SSAS in 10 years’ time

Jones Family SSAS £
Property (Estimate Value) 400,000
10 years rental @ £35,000 350,000
Debt repaid (including interest) (82,000)
Investment return on cash held (Est 5% p.a) 58,200
Case study #2

Scenario: Cash/Investment rich company

  • Two directors, Time and Steve run a successful company, both are married and both are in their mid 50’s.  They have built up considerable cash reserves and purchased a couple of investment properties in the company.
  • Concern has been raised over the investment/cash balances held in the business being;
    • Exposed to creditors
    • Could jeopardise Entrepreneurs Relief on the sale of the shares in the business
    • IHT reliefs (if investment > 50% value then no Business Property Relief on death!)
  • Both have a pension but have not contributed for a number of years.  They have previously been against pensions and are investment risk adverse.  Their wives also have small pensions via their previous employment outside the company.  Each of the wives works in the business.

Solution and Benefits

  • Wives made directors.
  • SSAS set up for the benefit of all four directors.
  • The company makes a large single contribution for each director, up to the unused allowance, so £160,000 each, or they transfer a commercial property into the SSAS to the value of £160,000 x 4 + £640,000.
  • If the property is transferred, the Property Capital Allowances can be used to offset taxable rent from other commercial properties held by the company or, a balancing allowance could be applied if no other investment property is held.
  • Corporation Tax Relief on all contributions at 19% so saving £121,600 in Corporation Tax.
    £640,000 of value is taken off the balance sheet and away from creditors.
  • Funds held in SSAS free of Inheritance Tax.
  • The fund can be used to invest in other commercial property/investments in – SSAS. (The tax-free wrapper)
  • As children become of age, they can join as members of the SSAS, enabling further Annual Allowance and Lifetime limits to be used.
  • SSAS provides full access to tax-free cash and income from age 55.
Case study #3

Scenario: Company owns property with a loan

  • Mr and Mrs Long currently run a successful restaurant business and had the business premises held by the trading company.
  • Their accountant suggested that they should look at moving the business premises into an SSAS, as this would be more tax efficient for the business, enabling them to repay the current loan on the premises sooner than they were scheduled to do.  Provide them creditor protection on the business asset, allow them to build up a retirement fund, remove any liability to Capital Gains Tax on future growth in the property value.
  • The business was trading well, making a good profit, but there was limited cash to make SSAS contributions.  They also wanted to look at reducing their corporation tax liability.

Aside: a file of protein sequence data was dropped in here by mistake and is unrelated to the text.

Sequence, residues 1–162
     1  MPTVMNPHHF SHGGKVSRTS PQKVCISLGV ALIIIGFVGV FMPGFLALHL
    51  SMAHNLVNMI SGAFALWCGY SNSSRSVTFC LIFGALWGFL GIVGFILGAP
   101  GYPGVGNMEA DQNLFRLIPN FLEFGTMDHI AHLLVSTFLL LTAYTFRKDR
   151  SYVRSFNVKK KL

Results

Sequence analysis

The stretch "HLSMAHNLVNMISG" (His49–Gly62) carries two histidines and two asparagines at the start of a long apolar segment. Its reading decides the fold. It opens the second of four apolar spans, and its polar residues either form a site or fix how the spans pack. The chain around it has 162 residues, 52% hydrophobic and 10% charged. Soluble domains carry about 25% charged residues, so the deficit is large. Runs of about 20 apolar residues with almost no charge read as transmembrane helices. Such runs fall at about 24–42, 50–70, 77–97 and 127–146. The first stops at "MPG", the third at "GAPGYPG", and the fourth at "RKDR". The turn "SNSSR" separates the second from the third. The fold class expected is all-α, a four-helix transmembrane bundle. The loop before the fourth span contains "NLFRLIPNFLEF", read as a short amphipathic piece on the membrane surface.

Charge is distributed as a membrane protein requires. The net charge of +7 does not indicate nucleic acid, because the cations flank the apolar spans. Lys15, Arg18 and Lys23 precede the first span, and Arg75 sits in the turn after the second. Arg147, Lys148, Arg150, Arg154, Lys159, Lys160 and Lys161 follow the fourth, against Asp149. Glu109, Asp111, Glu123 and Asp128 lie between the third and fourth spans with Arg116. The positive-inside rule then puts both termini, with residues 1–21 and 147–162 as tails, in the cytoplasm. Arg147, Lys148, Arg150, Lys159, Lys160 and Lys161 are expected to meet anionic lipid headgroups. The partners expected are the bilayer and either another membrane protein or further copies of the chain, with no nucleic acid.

• Restrictions that they had were the current loan outstanding on the property to the bank for £120,000.  They only had a total value of £50,000 held in the pension between them and had made no contributions in recent years.
  • The property is currently valued at £400,000 and was purchased in 2012, but has not increased in value since.  Rental yield was £28,000 p.a


  • They set up an SSAS.
  • Transferred their existing pensions to the SSAS.
  • SSAS company provided access to a special refinance arrangement.
  • This provided a short-term loan to the company of £220,000.
  • They cleared off the bank loan of £120,000.
  • Made an additional contribution to the SSAS of £100,000.  SSAS then borrowed a further £70,000, from a bank to part purchase the commercial property (£220,000). This cleared off the short-term loan.
  • The company made a cash contribution to the pension of £20,000 to cover costs.
  • The remaining value of the property (180,000) was transferred to the SSAS as an ‘In Specie’ contribution.


  • The outcome for Mr and Mrs Long was that the property is now held in the SSAS.
  • The retrospective Property Capital Allowance Claim based on the 2012  company cost was maintained by the company to recover corporation tax and reduce taxable profits in future years.
  • The rent payable by the business is still tax deductible for the company but received tax-free in the SSAS and allows the SSAS to accelerate the loan repayments as there is no tax to be paid.

The initial tax savings to Mr and Mrs Long’s company were

Company pension contribution £300,000
Corporation Tax saved £57,000
SDLT payable £(9,500)
Net tax savings £47,500
Plus, additional Capital Allowances generated £10,000

Additional long-term tax savings would also include, tax on the rent; Capital Gains Tax, Inheritance Tax.  Value of the pension fund in ten years could be:

Property Value £500,000
Rent x 10 years @ £28,000 less repayment of loan and interest (280,000 – 84950) 195,050
Pension Value £695,050
Case study #4

If you would like to know more about an FPP or feel an FPP could benefit you, please get in touch.